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El Ten Eleven, Oslo, Found Dead on the Phone

Plush, Thursday, May 18

After Oslo and Found Dead on the Phone cleared off their respective keyboards, drum kits, basses and at least two guitars each, the stage looked almost deserted. What remained was like a spare still-life in the half-light of colored spots: one drum kit and related apparatus at far stage left; two double-neck guitars and about a dozen effects pedals at stage right.

The expectant effect barely had time to sink in before two clean-cut guys bounded on stage, and everyone remaining in the club rushed up front, as if to find out how the rabbit gets into the hat. El Ten Eleven can sound like a room full of gear, or an orchestra, or a rock band spread over an arena stage. It's a trick to stay focused on the journey of the melody; the temptation to watch how it's made is overwhelming. Guitarist Kristian Dunn makes loops upon loops throughout each song, and then plays to them, his feet subtly and precisely tap-dancing on his array of pedals. Now it's a calliope, then chimes, a toy piano, a guttural, heavy rocking bass.

Drummer Tim Fogarty plays barefoot. He, too, sets up loops and effects on electronic drum pads. With everything going on between the two players, it's a surprise, and an apparent miracle, when they're able to incorporate stop-time dynamics.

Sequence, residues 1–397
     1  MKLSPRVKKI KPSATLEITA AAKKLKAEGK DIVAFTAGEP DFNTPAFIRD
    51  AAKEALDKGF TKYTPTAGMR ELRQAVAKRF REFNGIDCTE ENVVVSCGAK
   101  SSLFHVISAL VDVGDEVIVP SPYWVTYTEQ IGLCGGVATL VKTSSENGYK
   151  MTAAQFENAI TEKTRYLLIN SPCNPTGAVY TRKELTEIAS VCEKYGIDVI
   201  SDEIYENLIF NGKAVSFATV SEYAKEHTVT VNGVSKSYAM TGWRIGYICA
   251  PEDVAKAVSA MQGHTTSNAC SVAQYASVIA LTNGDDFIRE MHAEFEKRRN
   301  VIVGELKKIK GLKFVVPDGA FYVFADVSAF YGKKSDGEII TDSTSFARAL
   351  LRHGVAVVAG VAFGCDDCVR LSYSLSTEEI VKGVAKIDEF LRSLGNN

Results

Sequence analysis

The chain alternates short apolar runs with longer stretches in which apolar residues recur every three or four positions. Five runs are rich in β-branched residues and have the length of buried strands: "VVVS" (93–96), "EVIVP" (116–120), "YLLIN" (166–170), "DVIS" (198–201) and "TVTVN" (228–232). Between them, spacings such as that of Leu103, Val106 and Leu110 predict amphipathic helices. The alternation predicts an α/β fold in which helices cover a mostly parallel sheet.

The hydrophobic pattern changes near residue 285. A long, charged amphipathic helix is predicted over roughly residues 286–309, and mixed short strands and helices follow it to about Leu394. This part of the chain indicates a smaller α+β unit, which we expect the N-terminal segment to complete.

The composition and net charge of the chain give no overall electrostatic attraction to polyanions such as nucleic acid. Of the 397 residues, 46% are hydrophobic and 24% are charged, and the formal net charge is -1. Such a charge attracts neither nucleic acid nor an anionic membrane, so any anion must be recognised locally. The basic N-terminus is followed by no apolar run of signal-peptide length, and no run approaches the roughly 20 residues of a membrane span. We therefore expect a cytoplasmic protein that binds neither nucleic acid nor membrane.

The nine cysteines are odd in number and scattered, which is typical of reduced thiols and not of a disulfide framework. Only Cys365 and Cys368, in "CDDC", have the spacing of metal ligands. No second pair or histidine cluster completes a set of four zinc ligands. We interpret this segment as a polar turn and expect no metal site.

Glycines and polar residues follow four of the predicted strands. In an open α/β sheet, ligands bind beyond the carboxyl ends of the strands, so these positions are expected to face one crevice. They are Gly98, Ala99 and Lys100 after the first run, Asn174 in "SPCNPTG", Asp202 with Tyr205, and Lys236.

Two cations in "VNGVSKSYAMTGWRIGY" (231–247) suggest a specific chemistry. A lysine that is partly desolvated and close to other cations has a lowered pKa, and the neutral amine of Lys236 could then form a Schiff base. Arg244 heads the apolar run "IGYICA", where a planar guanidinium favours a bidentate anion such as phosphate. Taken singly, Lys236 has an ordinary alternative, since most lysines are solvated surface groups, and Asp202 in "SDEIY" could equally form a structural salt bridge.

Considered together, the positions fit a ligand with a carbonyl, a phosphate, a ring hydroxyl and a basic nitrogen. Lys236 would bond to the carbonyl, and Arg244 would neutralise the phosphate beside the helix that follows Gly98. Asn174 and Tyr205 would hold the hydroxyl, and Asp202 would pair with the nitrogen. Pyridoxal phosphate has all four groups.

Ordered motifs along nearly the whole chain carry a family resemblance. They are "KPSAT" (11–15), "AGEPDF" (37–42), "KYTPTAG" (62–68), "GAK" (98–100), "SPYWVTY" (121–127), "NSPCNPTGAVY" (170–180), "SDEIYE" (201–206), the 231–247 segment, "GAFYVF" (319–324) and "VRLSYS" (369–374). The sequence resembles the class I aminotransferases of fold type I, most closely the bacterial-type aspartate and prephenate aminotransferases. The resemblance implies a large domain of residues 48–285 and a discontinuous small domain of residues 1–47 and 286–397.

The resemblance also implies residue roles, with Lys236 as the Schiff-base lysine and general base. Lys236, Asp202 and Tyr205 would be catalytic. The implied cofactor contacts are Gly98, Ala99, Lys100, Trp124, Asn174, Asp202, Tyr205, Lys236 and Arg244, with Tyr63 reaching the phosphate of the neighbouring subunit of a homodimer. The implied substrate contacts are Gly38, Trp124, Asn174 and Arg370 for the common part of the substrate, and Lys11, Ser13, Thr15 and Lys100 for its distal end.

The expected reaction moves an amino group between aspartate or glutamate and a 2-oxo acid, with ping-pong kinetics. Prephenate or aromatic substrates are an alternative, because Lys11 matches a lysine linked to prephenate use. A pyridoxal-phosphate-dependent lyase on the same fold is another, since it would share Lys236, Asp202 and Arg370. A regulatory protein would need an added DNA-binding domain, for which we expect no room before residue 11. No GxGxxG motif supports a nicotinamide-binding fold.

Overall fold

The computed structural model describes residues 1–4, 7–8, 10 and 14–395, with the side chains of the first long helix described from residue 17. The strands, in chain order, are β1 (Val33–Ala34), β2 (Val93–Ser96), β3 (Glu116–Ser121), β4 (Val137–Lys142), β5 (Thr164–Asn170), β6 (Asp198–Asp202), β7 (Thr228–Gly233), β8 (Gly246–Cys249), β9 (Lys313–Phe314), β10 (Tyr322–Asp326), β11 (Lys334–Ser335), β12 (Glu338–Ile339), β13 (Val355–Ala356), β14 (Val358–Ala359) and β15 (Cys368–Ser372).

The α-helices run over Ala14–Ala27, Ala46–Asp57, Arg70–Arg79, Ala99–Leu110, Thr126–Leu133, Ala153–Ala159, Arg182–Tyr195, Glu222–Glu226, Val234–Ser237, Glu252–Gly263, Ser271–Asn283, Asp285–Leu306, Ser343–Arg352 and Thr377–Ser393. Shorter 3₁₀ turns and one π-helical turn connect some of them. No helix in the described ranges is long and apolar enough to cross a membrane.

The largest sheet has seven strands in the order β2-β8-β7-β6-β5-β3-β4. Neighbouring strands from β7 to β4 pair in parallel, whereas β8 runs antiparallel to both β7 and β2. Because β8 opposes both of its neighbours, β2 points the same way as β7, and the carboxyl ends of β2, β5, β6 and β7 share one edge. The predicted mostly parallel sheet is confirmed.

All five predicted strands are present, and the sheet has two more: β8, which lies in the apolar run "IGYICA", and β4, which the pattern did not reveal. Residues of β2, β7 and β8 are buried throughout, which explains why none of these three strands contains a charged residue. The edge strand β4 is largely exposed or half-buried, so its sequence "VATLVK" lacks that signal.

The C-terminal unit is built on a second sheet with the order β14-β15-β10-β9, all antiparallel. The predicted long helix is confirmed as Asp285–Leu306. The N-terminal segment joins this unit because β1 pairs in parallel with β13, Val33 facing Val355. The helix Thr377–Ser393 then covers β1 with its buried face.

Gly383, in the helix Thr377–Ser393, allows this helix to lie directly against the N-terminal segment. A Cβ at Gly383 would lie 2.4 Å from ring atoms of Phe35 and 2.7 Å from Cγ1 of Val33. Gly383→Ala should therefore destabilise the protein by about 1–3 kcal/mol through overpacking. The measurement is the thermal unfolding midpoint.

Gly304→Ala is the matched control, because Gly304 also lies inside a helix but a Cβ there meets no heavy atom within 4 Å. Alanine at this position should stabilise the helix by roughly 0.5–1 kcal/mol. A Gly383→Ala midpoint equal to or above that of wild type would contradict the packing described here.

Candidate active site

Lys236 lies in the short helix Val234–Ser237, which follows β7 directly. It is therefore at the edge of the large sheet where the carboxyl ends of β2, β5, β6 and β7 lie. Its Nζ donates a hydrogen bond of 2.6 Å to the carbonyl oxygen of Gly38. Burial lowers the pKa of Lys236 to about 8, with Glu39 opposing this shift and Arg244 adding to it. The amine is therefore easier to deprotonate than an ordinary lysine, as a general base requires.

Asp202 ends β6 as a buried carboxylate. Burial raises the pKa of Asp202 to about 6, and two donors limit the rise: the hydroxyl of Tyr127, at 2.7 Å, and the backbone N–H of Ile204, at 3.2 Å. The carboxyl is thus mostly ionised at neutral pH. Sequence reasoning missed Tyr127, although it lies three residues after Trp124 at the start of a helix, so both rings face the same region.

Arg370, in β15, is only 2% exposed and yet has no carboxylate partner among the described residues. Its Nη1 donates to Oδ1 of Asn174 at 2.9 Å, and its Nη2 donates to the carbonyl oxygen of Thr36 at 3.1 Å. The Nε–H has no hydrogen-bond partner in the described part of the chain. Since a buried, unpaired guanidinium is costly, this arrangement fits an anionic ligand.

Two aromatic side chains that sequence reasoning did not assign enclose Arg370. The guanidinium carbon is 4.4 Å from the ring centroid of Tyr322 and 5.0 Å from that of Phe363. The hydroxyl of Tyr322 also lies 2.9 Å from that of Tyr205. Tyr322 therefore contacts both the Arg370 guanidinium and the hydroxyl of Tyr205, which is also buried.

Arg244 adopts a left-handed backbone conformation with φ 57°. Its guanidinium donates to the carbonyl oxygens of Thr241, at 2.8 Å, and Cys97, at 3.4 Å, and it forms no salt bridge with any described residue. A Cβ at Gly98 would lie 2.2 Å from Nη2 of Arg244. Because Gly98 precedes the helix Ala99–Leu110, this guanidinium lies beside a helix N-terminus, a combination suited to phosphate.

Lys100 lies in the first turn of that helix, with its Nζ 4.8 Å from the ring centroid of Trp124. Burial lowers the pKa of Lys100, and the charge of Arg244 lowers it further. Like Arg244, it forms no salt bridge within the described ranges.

Few reviewers are able to write about this band without mentioning Tortoise, to give a sense of the skilled, intellectual-but-accessible quality of this mostly mid-tempo instrumental music. But the reference doesn't do justice to the excitement and grit with which it's played, or the range of references, from Kraut rock, to heavy metal and '70s pop. Fans of the Chicago Underground Duo might have a better sense of the sensibility, if not the music.

It was a night for sterling musicianship. Oslo bassist Kerry Wayne James' intricate, almost contrapuntal bassline made "Things Fall Apart" a set standout. Gabrial McNair's elegiac guitar sustained the long, mordant excursion through "All Terrain" under and around Mattia Borrani's passionate vocals, which veered through the set from croons to screams.

Tucsonans and bill-openers Found Dead on the Phone set the stage for the later bands' eclectic sets. Their songs ranged from mournful and hypnotic to full-on blasts of blistering guitars and color-drenched keyboard fills. Downside: no CD to take home. Yet.

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